First, thank you for your honesty in this matter. I really do appreciate the fact that you admitted that the “correct” answer is “we don’t know.” Not too crazy about how long it took to say it (you’re busy, I get it), but a simple question gets a simple answer. Good enough!

“When you’ve got something better, like a theory for the origin of matter that has good explanatory scope, testability, predictive novelty, ontological economy, fit with background knowledge, etc. THEN talk to me. Somehow I think the scientists will get there before the theologians.”

Perhaps you misunderstand me in the rest of it. I’m not going for a God of the gaps argument in the least (though perhaps by your definition I am…dunno your definition, so oh well). I’m looking at the question as, *how* did God do it?! All the details you include are good, but ignore the original issue. Perhaps the scientists will arrive before the theologians (since all the theologians spend their time figuring out the origins of matter, right?), but I’m hoping the scientists will think correctly. With what you just said, scientists may have a hard job recreating God’s work after Him.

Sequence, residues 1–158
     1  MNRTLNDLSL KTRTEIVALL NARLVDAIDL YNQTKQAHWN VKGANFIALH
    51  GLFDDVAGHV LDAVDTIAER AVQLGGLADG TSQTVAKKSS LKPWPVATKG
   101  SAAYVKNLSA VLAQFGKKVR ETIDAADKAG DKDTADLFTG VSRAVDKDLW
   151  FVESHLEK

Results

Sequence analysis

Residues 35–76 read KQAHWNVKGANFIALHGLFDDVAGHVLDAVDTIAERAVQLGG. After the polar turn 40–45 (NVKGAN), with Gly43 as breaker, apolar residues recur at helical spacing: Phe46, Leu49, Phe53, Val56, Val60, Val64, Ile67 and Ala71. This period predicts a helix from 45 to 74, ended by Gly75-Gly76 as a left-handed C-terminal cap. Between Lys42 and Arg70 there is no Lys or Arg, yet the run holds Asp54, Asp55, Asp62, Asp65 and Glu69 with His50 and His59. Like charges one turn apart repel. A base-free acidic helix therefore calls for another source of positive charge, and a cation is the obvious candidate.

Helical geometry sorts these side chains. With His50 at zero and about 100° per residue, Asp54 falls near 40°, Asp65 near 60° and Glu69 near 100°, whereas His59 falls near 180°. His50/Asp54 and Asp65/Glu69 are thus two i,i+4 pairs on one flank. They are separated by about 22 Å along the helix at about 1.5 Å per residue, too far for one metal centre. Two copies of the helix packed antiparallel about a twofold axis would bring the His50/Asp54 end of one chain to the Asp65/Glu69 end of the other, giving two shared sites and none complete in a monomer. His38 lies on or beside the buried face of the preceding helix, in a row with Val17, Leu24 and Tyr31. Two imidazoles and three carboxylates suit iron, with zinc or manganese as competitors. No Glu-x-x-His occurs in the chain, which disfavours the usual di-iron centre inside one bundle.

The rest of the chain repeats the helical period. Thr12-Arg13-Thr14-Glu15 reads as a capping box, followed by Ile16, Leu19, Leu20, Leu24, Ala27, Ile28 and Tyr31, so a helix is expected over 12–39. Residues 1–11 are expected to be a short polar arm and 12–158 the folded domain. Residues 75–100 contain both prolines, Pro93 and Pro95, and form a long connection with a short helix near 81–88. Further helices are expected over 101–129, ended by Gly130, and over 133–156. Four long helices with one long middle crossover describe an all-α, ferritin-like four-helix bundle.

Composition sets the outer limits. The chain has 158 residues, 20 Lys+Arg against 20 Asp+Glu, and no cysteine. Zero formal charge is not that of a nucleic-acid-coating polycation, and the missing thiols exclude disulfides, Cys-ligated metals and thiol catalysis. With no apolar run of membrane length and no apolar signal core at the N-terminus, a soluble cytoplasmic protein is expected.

And, thanks for less snark. Appreciate it.

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lukeprog March 6, 2010 at 2:08 pm

kennethos,

If you’re asking the question ‘how did God do it?’, then of course this assumes God did it without (as far as I know) giving a reason for thinking that God DID do it. However, your question may be logically prior to giving reasons for thinking why God did it. Basically, you are exploring the coherence and meaning of the God hypothesis. If you come up with an account of how God did it, please inform the theistic philosophers. They have no idea.

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Matt March 7, 2010 at 12:43 am

I’d like to add that Kennethos should say what he means by a “nothing” or “nothingness” from which matter is supposed to have emerged before demanding that atheists explain anything at all. I don’t even think luke’s “we don’t know” response here is adequate. Instead i’d answer “we don’t know what it means to posit anything prior to the known universe”, not unlike not knowing what the square root of 0 is. “nothing” is a concept that has applications in some contexts, but i don’t think metaphysical nothingness is really a problem to get worked up about.